Friday’s data will keep policymakers on track to accelerate their plans to cut bond purchases, said Alan Detmeister, senior economist at UBS and former head of the wages and prices division at the Fed Board in Washington.

“It’s still a huge number – very, very strong,” Mr Detmeister said, explaining that while he expects inflation to moderate, it may be necessary to wait until the middle of the month. next year so that it will manifest itself clearly during the year. year data. “It seems pretty clear that they are going to speed up the taper,” he added.

Taking the next step – raising rates – would make debt of all kinds, from mortgages to auto and business loans, more expensive. This would likely slow spending and hiring, dampening demand and weighing on high housing costs. The combination could help curb price gains.

But it could also leave the country with a less competitive labor market. It could be serious if the millions of people who remain out of the workforce compared to before the pandemic – many due to childcare issues and other virus-related issues – decide to embark on a job search.

Credit…Philip Cheung for The New York Times

Even so, the Fed is wary of letting inflation soar. In the 1960s, the central bank did not take decisive enough action to curb the rise in prices. Inflation spiraled out of control, reaching double-digit levels during the 1970s, and then Fed Chairman Paul Volcker sharply raised interest rates to get things under control in the early 1980s.

The blow to demand triggered a painful recession before bringing price gains to a halt. The mistake, and its consequences, have since haunted the nightmares of central bankers.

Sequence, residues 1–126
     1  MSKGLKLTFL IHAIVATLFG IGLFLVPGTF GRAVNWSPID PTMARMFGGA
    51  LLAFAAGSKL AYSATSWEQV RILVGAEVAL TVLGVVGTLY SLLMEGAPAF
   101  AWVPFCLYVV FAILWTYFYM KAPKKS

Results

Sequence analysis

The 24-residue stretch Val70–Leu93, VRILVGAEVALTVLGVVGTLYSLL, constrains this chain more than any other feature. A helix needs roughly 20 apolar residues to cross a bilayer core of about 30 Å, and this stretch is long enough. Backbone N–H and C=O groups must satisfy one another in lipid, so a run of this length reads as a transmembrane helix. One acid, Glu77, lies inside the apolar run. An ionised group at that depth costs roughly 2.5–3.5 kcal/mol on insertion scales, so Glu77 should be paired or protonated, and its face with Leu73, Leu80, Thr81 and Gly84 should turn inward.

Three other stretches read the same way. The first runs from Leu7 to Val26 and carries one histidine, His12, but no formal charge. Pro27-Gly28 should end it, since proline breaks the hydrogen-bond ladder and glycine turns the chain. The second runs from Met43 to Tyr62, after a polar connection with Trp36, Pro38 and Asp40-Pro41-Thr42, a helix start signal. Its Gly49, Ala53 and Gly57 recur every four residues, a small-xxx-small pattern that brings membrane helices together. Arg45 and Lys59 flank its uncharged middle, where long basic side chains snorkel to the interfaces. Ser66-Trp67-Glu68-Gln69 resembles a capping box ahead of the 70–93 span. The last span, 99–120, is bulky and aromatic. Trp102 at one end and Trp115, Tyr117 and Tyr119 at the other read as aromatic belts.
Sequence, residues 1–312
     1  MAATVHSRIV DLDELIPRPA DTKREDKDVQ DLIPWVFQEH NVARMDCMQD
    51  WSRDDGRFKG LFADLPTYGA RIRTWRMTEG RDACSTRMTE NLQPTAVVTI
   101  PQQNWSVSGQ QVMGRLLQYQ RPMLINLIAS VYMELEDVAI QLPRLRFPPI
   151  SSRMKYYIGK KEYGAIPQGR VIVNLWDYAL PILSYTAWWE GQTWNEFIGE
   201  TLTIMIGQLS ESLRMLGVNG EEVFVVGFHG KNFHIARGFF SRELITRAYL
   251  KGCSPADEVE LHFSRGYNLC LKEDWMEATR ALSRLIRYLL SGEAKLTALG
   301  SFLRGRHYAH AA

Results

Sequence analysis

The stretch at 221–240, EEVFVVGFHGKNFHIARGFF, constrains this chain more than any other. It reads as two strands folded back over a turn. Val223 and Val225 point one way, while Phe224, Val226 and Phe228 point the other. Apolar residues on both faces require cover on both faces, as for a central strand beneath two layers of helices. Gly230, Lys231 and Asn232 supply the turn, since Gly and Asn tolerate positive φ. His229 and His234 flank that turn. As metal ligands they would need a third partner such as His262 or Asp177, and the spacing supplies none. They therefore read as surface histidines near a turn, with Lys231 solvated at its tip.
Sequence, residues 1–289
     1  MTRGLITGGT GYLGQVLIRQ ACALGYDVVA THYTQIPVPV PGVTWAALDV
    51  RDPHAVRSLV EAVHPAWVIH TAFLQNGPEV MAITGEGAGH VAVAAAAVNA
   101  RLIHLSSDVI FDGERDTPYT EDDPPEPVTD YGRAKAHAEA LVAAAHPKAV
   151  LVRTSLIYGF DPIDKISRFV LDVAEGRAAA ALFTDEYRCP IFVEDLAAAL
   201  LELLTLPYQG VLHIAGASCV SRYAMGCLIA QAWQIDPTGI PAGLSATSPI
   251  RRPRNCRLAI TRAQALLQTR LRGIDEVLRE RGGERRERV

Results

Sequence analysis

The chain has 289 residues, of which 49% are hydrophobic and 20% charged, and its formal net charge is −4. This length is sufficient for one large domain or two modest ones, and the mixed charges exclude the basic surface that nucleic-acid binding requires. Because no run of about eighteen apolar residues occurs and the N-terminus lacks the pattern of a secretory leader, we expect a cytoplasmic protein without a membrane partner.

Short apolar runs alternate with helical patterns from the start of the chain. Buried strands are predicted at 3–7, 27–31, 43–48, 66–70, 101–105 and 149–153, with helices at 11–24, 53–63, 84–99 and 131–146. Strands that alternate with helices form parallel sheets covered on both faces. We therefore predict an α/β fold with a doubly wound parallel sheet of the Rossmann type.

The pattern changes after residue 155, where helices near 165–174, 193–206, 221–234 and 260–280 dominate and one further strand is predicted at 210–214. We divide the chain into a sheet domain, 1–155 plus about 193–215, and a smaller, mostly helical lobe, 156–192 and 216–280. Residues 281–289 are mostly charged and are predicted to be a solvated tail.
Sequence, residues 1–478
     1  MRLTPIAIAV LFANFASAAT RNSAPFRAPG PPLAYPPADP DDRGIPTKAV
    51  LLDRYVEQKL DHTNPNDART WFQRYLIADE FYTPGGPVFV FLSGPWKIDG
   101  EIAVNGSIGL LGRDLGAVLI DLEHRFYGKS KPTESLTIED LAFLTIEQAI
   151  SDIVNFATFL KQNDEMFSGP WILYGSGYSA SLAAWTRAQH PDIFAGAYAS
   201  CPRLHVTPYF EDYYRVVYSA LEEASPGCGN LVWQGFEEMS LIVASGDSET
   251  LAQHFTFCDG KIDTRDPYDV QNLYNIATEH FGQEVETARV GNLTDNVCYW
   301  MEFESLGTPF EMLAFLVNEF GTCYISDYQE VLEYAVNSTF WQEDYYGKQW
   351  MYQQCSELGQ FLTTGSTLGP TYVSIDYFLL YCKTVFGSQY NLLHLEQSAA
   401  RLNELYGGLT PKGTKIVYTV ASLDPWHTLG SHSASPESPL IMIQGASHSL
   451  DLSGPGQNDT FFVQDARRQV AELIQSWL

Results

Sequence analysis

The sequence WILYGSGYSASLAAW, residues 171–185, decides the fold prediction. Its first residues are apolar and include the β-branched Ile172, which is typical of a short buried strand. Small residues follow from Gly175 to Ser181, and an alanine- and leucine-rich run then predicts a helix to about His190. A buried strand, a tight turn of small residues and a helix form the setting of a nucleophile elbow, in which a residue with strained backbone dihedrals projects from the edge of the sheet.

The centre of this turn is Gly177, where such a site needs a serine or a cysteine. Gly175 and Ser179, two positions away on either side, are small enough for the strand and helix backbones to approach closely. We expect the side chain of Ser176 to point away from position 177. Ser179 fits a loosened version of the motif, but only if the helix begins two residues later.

As housing and other daily costs increase, workers may start asking for increases to help offset the financial blow. Employers are competing for workers at a time when job openings far outweigh the number of people actively looking for work, and wages are rising steadily. The cost of employment index, a measure the Fed is monitoring closely, picked up in particular during the three month period that ended in September.

Wage increases were not enough to fully offset inflation more people: wage gains are rising sharply, especially for low wages, but are not rising fast enough to keep up with the acceleration in prices.

And as companies faced with rising input and labor costs seek to pass them on to consumers, this can actually help keep prices rising.

Large companies are managing to stay profitable as overseas parts and commodities like gasoline skyrocket, in part because they successfully pass those costs on to consumers. Profit margins for non-financial corporations have grown at a sustained rate this year, including in some of the sectors hardest hit by supply problems.

“Auto inventories continued to decline, but dealers made big profits because of high vehicle prices,” noted the Federal Reserve’s Beige Book, a collection of regional economic reports. from the Richmond district.

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Newsrust - US Top News: Inflation up 6.8% and markets react to CPI data: updates live